U.S. military commanders allowed representatives of the University of Phoenix to erect banners advertising the for-profit college on one of America’s largest military bases and place promotional materials in high-traffic areas. Credit: Adithya Sambamurthy for Reveal

The Department of Defense said today that it would suspend the University of Phoenix from its tuition assistance programs and bar school officials from recruiting at military facilities, including job fairs, after revelations of improper recruiting and marketing practices by the for-profit school.

An investigation by Reveal exposed how the university paid the military for exclusive access to bases – violating the intent of an executive order – held recruitment events designed as résumé workshops and included military insignias without the required permission on custom-engraved “challenge coins” handed out by recruiters.

The revelations drew outrage from some members of Congress who pressed the Pentagon to investigate.

The results of that investigation were made public today, albeit quietly, when the Defense Department changed the status of all of the university’s campuses to on probation on its website of participating institutions. Last year, the University of Phoenix received $20 million in military tuition assistance from the Pentagon.

In a written statement to Reveal announcing that the university had been placed on probationary status, Dawn Bilodeau, chief of the Defense Department’s voluntary education program, said students currently receiving tuition assistance will be allowed to complete courses already underway.

“While in a probationary status and with a view to minimizing harm to students, educational institutions will be permitted to ‘teach-out,’ ” she said.

The University of Phoenix produced a custom-engraved coin for recruiters to hand out on military bases. The official seals of the Department of Defense and every branch of the military are on one side of the coin; the college’s logo is on the other. Credit: Adithya Sambamurthy/Reveal

Bilodeau also said the university “will not be authorized access to DoD installations for the purposes of participating in any recruitment-type activities, including but not limited to job training, and career events and fairs. Further, no new or transfer students at the institution will be permitted to receive DoD tuition assistance.”

Sen. Dick Durbin, D-Ill., one of the leading congressional voices calling for an investigation into the University of Phoenix, hailed the Pentagon’s actions.

“This is a decisive action by the Department of Defense to protect servicemembers and taxpayers from a company that offers degrees of questionable value,” he said. “With below-average graduation rates and a student loan default rate almost forty percent higher than the national average, the University of Phoenix is going to have a hard time explaining why students should continue to enroll in this institution.”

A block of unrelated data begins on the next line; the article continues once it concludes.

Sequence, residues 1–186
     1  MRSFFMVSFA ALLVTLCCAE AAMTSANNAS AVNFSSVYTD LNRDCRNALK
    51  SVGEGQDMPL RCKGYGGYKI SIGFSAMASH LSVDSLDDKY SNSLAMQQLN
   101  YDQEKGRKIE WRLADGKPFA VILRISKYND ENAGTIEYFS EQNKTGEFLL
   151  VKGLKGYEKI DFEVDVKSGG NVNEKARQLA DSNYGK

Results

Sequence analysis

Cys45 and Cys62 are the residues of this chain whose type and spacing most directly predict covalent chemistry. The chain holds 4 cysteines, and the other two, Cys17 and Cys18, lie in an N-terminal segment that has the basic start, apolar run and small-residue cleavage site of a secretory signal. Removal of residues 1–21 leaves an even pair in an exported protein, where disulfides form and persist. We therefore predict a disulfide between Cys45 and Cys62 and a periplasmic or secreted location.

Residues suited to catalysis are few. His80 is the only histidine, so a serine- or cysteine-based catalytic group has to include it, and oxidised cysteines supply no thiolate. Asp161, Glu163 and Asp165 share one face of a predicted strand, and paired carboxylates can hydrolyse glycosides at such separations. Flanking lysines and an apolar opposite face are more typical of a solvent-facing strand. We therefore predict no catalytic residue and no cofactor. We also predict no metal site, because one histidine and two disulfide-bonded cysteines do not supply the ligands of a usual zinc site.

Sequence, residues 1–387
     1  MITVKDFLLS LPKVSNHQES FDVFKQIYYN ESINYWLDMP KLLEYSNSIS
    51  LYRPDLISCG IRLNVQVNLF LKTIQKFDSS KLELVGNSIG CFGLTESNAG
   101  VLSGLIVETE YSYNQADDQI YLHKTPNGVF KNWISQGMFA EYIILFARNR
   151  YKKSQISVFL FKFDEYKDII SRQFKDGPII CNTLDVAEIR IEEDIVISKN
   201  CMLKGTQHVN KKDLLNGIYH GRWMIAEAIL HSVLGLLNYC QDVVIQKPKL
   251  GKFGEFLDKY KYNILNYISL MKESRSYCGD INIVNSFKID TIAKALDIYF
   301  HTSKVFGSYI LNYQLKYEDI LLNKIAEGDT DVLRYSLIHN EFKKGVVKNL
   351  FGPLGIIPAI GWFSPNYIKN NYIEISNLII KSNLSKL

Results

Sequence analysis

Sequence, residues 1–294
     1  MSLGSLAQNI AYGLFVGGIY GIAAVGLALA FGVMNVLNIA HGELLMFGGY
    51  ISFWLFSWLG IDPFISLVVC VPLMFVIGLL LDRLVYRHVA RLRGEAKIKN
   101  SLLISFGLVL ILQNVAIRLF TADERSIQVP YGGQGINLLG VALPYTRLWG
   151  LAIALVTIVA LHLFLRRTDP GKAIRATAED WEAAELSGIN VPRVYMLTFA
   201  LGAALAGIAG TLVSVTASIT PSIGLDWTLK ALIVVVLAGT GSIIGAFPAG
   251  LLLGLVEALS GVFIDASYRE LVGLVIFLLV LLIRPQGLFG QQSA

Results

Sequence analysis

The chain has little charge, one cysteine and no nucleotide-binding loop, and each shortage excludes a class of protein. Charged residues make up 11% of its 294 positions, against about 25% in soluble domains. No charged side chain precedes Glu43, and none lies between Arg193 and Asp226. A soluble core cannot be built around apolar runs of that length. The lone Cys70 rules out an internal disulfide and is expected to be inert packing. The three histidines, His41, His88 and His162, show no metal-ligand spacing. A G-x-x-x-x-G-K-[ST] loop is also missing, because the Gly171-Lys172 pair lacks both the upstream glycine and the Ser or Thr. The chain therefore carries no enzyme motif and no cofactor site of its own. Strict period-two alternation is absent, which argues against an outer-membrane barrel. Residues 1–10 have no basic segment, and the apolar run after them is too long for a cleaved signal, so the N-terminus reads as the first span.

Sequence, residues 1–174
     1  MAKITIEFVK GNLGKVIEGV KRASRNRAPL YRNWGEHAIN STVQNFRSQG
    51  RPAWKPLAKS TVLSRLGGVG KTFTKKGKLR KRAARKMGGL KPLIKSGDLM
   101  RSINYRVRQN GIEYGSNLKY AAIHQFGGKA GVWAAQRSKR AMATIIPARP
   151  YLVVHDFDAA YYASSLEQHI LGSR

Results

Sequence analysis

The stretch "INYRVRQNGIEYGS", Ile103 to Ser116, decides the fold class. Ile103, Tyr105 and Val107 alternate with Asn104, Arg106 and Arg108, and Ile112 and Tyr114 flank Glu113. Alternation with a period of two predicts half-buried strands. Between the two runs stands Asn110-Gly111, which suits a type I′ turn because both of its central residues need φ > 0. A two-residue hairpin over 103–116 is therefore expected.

Durbin also said he would ask the U.S. Department of Education and the Department of Veterans Affairs to review the Defense Department’s findings and take actions to protect other government funds. The college has received more than $1.2 billion in GI Bill money since 2009.

Previously, the University of Phoenix has stated that it would not respond to questions because Reveal’s past reporting “left us unconvinced that fair, balanced, fact-based reporting that allows us to tell our side of the story (is) likely to happen here.”

Ryan Rauzon, the university’s spokesman, could not be reached immediately for comment.

This story was edited by Amy Pyle and copy edited by Sheela Kamath.

Bobby Caina Calvan can be reached at bcalvan@gmail.com.

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Bobby Caina Calvan is the collaborations editor for Reveal. He was most recently director of operations for The Fund for Investigative Journalism, a Washington-based nonprofit that awards grants to freelance and independent investigative journalists. He thrives on watchdog journalism. He's worked in some of the country's best newsrooms, including The Associated Press, The Boston Globe, The Sacramento Bee and the Detroit Free Press. He's covered the war in Iraq, the national debate over health care, the 2012 presidential race and other high-profile elections.

While Calvan has worked in some of the country's biggest news outlets, his roots are firmly in local news. His career transcends platforms, and he has produced stories for print, digital, radio and television. He spent a year on a journalism diversity initiative in Nebraska called The Heartland Project, where he spearheaded collaborations with newsrooms across the state to enhance coverage of communities of color and LGBT issues. Inclusive journalism is in his DNA, and so is his strong advocacy for mentoring the next generation of journalists.

Calvan grew up on a dairy farm at the foot of the Ko'olau Mountains in Waimanalo, Hawaii – which might explain why he spent his first year of college at New York University and followed his sense of adventure into a career in journalism. He completed his college career at the University of California, Berkeley, where he majored in legal studies. He is based in Reveal's Emeryville, California, office.